Welcome to the Hashtag Syllabus Project! This page serves as central hub for many of the recent hashtag syllabus projects popping up on the corners of web. Below, you’ll find subheadings organized by theme to help you find what you’re looking for. Almost all of these syllabuses are crowd-sourced knowledge, and all of them are open access.

Within each syllabus, you’ll find links to varying resources and materials. 

Interior Worlds: Identity, (Em)power, & Race

  • Black Feminism Syllabus: Melissa Harris Perry
    • In 2013, MPH drafted the Black Feminism Syllabus in response to First Lady Michelle Obama being called a “feminist nightmare”–MPH shares and suggests resources that explain the distinctiveness of Black feminism.
  • WhyWeCantWait and BlackGirlsMatter syllabus: African American Policy Forum
    • This syllabus implores us to consider now the time for collective organizing and resistance movements. Diving into Black feminism and intersectionality, the role of state violence in perpetuating violence and anti-Black racism, and more, this syllabus is important for those interested in learning more about public and private violence, Black women, and the state.
  • Say Her Name Syllabus: Dr. Karsonya Wise Whitehead and others
    • This project includes crowd sourced Twitter suggestions about resources that speak to the histories, triumphs, and resistance of Black women and their experiences to increase inclusivity and visibility.

Black Resistance & Liberation Movements

  • Charleston Syllabus: Chad Williams, Kidada Williams, and Keisha Blain
    • In response to the South Carolina shooting of Cynthia Hurd, Susie Jackson, Ethel Lance, Rev. DePayne Middleton-Doctor, The Honorable Rev. Clementa Pinckney, Tywanza Sanders, Rev. Daniel Simmons Sr., Rev. Sharonda Singleton, Myra Thompson,  and Reverend Clementa Pinckneythe Charleston Syllabus emerged to historically contextualize the events by covering readings on slavery, the Civil War and Reconstruction, Post-Reconstruction and Jim Crow, White Supremacy, and Black Power and Liberation Movements.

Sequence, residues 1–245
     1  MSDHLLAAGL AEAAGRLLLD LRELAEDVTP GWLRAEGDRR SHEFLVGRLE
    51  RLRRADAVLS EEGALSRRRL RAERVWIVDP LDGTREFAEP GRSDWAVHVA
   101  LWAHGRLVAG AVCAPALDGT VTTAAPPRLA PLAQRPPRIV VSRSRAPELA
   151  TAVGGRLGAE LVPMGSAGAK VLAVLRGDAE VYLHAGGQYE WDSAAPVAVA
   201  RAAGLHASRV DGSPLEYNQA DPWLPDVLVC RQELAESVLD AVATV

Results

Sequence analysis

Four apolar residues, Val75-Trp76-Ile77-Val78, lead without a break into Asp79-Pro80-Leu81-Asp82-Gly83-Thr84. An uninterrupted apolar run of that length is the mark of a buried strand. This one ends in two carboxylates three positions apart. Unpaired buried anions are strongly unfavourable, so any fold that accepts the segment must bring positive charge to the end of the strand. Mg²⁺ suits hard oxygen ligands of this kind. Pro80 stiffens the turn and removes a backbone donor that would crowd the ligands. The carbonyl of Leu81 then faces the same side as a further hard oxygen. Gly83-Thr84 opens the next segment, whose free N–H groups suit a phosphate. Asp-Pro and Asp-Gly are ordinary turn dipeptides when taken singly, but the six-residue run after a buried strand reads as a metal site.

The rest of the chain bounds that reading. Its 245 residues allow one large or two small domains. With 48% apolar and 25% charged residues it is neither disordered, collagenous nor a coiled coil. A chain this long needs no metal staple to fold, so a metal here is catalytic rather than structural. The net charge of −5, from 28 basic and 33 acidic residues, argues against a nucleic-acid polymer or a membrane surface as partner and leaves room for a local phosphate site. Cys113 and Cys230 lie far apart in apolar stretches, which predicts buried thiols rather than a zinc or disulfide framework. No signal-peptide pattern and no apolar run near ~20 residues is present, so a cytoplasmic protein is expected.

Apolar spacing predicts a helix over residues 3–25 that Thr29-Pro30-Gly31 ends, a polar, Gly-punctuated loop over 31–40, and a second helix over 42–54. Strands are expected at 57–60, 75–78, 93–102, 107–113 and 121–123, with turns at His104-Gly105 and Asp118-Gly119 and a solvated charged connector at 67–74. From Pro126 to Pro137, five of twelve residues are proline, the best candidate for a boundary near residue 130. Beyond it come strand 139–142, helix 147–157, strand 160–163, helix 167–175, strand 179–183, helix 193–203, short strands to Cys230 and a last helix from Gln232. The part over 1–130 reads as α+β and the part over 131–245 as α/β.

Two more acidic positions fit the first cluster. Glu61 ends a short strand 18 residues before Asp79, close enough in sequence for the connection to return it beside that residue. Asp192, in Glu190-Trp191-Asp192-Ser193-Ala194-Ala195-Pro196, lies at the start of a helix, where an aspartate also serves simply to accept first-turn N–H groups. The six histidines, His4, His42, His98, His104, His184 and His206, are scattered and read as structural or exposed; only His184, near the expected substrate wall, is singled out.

• Black Lives Matter Syllabus: Frank Roberts
    • Roberts designed this syllabus in response to the Black Lives Matter network and social movement centered on the institutional and systemic assault on Black and Brown bodies in the form of police brutality. The BLM syllabus provides a historical context for Black social movements, as well as an emphasis the relationship to BLM and mass incarceration, the politics of disposability, Black feminism, and more.
  • Colin Kaepernick Syllabus: Rebecca Martinez, Louis Moore , David J. Leonard, Bijan C. Bayne, Sarah J. Jackson, and many others
    • According to the founders of the Colin Kaepernick syllabus, which looks at the intersection of Black athletes and resistance, the intent of this syllabus is to “ further the efforts to disrupt the silence, to make connections, and to otherwise build on the work of Kaepernick, Edwards, members of the WNBA, Bomani Jones, Serena Williams, and so many others demanding that we speak and act.  While continuing the conversation is important, it must be done so with literacy and knowledge about American racism, the history of sports, the African American athlete, #BLM, protests, and so much more.”